We set off for home at 0944Z, reached the Eifel range where a large thunderstorm with sheet lightning blocked our way.  We diverted south-west in an attempt to skirt it, but it was clear that there were yet more beyond, so after 25 minutes we reversed course and returned to Hangelar, tucking the Jodel into the hangar again just in time to avoid the thunder-storm and torrential rain that hit the airfield.  We whiled away the rest of the day watching the intrepid gliders using the thermals from the clouds, and studying the pcmet website to observe the weather radar and thunderstorm warnings.  The radar animation on pcmet later that afternoon showed storms had been developing on the west side of the Eifel Mountains all day, streaming across towards Bonn - another good weather decision!

Running from the storm . . . . . .  and the subsequent rainbow over Bonn-Hangelar
Club Aircraft - Robin . . . . . . and Piper Cub

Sunday morning was a lot better, with occasional showers but also splashes of blue sky, and the TAFs confirmed the improving conditions.   Once up and past the Eifel range the murk had gone, and Belgium was spread out ahead with blue skies.  We flew past Ypres (Ieper), and Graham pointed out the Menin Gate by the canal, where the names of almost 55,000 British and Commonwealth soldiers of the First World War who were reported missing are inscribed.  Then on past Popperinge, the rail head for the front line where troops could recover for a time before returning to the front and past Dunkirk back to the coast at Calais.   Then it was 'fingers crossed' and out over the channel to Lashenden via Folkestone and Ashford. 

The Menin Gate war memorial (by the canal) The Port of Calais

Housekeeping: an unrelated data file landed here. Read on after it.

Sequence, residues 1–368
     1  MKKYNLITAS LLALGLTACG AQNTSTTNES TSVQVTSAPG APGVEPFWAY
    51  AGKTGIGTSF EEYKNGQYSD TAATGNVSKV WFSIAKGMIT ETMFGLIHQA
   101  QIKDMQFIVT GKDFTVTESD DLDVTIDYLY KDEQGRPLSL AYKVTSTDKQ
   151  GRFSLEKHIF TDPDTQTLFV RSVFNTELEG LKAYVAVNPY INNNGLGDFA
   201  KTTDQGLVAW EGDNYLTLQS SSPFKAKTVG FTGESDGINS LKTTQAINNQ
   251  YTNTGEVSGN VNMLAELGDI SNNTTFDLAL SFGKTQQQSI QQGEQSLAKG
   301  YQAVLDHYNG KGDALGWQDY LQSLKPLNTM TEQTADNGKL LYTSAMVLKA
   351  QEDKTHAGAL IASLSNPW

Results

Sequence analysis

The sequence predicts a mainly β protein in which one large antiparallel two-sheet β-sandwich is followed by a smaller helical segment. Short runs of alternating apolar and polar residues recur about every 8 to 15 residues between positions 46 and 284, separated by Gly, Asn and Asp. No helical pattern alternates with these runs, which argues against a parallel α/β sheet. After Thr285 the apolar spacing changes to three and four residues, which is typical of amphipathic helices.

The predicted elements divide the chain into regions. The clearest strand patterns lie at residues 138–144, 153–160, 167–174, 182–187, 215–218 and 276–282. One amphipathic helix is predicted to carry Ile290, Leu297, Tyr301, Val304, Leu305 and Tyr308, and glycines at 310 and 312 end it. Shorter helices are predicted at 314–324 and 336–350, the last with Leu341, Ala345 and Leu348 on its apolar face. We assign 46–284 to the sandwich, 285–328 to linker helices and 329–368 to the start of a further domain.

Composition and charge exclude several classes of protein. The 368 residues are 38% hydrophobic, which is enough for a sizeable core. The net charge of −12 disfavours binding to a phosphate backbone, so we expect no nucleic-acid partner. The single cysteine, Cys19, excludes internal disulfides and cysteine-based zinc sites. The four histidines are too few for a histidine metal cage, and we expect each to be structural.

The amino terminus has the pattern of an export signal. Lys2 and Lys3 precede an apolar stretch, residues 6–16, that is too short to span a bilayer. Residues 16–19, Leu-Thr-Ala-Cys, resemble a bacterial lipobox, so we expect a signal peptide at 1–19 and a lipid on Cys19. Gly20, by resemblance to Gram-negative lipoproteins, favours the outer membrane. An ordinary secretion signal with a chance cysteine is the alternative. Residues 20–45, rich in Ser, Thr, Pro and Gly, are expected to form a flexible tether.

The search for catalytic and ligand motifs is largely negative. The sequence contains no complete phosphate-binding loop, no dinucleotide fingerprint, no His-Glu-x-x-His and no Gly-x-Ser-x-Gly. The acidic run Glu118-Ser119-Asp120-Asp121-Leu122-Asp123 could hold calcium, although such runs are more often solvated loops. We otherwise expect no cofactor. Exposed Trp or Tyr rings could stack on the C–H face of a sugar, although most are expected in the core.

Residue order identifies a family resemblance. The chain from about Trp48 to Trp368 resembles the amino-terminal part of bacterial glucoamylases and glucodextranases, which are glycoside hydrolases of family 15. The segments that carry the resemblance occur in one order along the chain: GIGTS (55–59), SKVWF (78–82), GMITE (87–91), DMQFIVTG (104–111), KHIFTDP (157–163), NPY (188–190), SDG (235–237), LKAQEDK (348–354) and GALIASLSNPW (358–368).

Folkestone Harbour and town Ashford Designer Outlet Centre (Richard Rogers)

At Lashenden we refuelled again, filling both front and main tanks to save the landing fee, and set off for Oaksey Park.  The weather over southern England was the best of the trip, and gave me a chance to take the controls.  It seemed no time at all before Swindon appeared in the distance, and then the lakes of the Cotswold Water Park, but it was altogether about an hour's practice at maintaining course and altitude for cross-country flying.  That and all the navigation and met. practice made for an interesting and enjoyable few days, during which the plane averaged  about 100kts over the ground in the 8 hrs flown.  It was a pity that the final goal eluded us this time, but as a learning experience it rated highly for me, with timely help for the next stage of my flying course, and Graham met up with several of his old flying club friends at Bonn.   Sometimes my memory plays tricks, but I have a distinct impression that I heard Graham say something kind, or at least ambivalent, about GPS during the weekend.  Maybe it's lucky I got some compass and map experience under my belt this time.

  David Hall, June 2004.